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From BR Bullpen
Earl Oliver Whitehill
- Bats Left, Throws Left
- Height 5' 9½", Weight 174 lb.
- Debut September 15, 1923
- Final Game September 30, 1939
- Born February 7, 1899 in Cedar Rapids, IA USA
- Died October 22, 1954 in Omaha, NE USA
 Biographical Information
Described as handsome and rugged and known for his fiery temper, pitcher Earl Whitehill had a distinguished major league career, winning 218 games over 17 seasons.
In his first pro season, Whitehill won 20 games for the Columbia Comers of the South Atlantic League in 1920, and he went on to record 54 more victories in the minors over the next three years. He reached the majors late in the 1923 with player-manager Ty Cobb's Detroit Tigers squad and notched 17 wins for the team the following year.
After 9 straight seasons of more than ten wins, Whitehill was traded to the Washington Senators following the 1932 campaign. In his first year in the capital, he won a career-best 22 games and helped lead the club to the 1933 World Series, where he earned the team's only win in Game Three.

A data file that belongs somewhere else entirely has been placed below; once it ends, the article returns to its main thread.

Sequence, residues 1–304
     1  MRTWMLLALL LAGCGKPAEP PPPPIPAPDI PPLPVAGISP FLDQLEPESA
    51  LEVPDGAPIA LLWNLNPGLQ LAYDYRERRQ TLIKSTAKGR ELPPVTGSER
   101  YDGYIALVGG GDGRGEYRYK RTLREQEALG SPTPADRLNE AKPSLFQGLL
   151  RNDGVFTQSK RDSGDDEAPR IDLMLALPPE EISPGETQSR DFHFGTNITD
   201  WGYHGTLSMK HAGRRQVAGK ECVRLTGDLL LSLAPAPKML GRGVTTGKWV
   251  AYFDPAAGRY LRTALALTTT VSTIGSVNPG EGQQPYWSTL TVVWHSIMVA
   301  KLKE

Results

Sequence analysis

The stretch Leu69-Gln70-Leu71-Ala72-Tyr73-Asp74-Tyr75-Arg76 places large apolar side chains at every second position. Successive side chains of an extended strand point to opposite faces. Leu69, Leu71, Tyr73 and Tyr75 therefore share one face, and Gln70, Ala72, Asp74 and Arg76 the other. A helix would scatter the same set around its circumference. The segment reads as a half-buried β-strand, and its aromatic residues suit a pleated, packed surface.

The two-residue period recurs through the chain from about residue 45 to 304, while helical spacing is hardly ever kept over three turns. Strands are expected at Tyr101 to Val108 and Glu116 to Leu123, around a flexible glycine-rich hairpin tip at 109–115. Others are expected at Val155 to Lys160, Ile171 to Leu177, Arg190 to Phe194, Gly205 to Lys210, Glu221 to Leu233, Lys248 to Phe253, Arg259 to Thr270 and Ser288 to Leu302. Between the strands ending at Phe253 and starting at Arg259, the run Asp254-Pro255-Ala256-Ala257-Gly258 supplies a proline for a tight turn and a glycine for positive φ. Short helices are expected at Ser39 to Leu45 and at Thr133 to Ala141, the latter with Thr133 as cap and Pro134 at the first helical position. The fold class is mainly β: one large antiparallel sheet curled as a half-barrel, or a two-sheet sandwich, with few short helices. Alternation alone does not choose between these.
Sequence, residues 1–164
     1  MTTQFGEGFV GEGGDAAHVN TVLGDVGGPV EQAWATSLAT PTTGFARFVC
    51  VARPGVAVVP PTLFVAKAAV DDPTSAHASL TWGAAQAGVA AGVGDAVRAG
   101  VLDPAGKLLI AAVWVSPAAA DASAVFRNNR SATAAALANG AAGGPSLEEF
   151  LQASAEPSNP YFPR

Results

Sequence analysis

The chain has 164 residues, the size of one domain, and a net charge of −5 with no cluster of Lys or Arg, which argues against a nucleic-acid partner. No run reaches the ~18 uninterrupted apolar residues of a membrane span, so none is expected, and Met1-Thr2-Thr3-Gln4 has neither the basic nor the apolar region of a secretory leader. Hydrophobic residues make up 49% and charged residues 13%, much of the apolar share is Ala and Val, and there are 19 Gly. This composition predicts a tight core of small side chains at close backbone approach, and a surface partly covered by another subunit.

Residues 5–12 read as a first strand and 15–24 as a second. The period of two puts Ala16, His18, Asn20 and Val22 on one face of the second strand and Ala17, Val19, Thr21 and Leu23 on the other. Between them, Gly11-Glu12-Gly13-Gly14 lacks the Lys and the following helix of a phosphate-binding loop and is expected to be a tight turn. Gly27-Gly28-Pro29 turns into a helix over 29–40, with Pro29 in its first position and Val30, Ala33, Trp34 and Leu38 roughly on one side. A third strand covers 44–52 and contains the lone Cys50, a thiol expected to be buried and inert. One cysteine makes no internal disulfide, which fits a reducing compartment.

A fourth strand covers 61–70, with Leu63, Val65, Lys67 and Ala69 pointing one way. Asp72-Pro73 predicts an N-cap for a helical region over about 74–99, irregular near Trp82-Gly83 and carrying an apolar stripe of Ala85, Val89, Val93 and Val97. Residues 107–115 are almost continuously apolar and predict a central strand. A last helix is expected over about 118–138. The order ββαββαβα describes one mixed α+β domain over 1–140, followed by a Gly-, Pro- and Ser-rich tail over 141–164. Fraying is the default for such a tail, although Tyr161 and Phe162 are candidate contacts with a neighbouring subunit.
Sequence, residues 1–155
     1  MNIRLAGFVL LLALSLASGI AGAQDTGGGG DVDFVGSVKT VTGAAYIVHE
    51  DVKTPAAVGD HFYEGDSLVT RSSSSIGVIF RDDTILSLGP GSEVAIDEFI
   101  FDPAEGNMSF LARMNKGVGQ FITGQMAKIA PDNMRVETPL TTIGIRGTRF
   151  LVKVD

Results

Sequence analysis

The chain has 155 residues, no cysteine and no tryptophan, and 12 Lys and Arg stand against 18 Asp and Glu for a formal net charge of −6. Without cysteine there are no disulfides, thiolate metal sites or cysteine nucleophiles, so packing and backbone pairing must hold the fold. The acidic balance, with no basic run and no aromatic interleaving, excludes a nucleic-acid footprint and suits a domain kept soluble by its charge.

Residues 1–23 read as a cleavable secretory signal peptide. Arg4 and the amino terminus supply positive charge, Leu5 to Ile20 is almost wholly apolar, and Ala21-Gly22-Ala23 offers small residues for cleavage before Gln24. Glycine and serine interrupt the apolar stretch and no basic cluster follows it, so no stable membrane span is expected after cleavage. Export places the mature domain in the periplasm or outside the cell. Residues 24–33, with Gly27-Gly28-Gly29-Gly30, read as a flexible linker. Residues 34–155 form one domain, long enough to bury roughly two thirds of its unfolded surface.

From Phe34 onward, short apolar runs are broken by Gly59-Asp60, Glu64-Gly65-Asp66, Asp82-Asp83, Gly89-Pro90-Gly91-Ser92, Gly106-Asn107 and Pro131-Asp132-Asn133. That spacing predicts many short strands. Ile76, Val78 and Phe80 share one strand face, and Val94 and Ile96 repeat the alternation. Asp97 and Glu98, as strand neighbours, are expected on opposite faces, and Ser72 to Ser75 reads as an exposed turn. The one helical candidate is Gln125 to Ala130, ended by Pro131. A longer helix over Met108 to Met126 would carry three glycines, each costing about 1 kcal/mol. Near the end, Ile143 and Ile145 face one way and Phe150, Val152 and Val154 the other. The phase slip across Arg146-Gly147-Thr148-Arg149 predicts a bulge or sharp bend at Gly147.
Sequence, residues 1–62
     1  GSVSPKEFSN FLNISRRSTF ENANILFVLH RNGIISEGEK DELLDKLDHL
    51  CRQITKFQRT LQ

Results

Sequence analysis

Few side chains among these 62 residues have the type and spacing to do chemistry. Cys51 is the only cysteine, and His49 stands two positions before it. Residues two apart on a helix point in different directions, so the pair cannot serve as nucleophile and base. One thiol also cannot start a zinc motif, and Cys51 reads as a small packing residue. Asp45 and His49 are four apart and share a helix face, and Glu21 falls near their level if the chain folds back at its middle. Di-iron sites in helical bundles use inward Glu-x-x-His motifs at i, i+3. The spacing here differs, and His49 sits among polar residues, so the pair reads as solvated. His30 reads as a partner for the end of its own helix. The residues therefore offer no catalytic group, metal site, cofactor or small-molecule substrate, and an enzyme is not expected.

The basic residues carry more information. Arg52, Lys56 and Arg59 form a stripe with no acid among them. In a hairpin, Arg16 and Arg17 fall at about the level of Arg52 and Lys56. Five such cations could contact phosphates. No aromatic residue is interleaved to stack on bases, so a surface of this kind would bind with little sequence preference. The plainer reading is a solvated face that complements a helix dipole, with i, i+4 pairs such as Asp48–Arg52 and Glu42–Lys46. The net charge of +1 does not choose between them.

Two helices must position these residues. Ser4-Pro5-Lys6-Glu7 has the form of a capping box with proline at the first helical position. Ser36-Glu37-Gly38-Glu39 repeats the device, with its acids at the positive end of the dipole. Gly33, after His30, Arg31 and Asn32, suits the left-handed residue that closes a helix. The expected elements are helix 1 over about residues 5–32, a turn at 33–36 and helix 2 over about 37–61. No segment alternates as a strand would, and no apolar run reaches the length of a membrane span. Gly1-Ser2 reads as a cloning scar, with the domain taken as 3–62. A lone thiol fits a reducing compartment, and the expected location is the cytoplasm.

Following the 1936 season and 13 straight years with double-digit victories, Whitehill was traded to the Cleveland Indians. After two years there, he ended his career as the oldest player in the National League with the 1939 Chicago Cubs, where his catcher was 38-year-old Gabby Hartnett.
After his playing days, Whitehill coached for the 1941 Cleveland Indians and the 1943 Philadelphia Blue Jays. He was a special baseball sales rep for the A. G. Spalding from 1946 until he was killed in a crash in 1954, struck by a car that ran a stop sign.